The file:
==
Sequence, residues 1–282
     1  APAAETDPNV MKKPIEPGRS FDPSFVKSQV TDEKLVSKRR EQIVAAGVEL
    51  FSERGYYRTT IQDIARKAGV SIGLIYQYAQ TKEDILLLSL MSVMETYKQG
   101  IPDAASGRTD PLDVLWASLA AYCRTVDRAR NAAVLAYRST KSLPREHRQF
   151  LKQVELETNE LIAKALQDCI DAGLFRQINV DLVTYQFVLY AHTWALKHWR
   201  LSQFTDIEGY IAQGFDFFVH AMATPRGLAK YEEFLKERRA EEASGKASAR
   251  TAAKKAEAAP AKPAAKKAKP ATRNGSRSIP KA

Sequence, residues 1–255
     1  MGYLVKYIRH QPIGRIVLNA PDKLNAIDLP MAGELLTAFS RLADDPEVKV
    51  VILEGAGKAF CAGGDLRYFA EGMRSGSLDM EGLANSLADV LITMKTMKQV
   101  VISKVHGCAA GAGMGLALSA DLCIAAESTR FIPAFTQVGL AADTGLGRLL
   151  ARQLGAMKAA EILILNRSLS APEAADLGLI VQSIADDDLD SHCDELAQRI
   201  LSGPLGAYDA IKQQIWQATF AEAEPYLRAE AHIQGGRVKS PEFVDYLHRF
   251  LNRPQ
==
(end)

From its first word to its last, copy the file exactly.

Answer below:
Sequence, residues 1–282
     1  APAAETDPNV MKKPIEPGRS FDPSFVKSQV TDEKLVSKRR EQIVAAGVEL
    51  FSERGYYRTT IQDIARKAGV SIGLIYQYAQ TKEDILLLSL MSVMETYKQG
   101  IPDAASGRTD PLDVLWASLA AYCRTVDRAR NAAVLAYRST KSLPREHRQF
   151  LKQVELETNE LIAKALQDCI DAGLFRQINV DLVTYQFVLY AHTWALKHWR
   201  LSQFTDIEGY IAQGFDFFVH AMATPRGLAK YEEFLKERRA EEASGKASAR
   251  TAAKKAEAAP AKPAAKKAKP ATRNGSRSIP KA

Sequence, residues 1–255
     1  MGYLVKYIRH QPIGRIVLNA PDKLNAIDLP MAGELLTAFS RLADDPEVKV
    51  VILEGAGKAF CAGGDLRYFA EGMRSGSLDM EGLANSLADV LITMKTMKQV
   101  VISKVHGCAA GAGMGLALSA DLCIAAESTR FIPAFTQVGL AADTGLGRLL
   151  ARQLGAMKAA EILILNRSLS APEAADLGLI VQSIADDDLD SHCDELAQRI
   201  LSGPLGAYDA IKQQIWQATF AEAEPYLRAE AHIQGGRVKS PEFVDYLHRF
   251  LNRPQ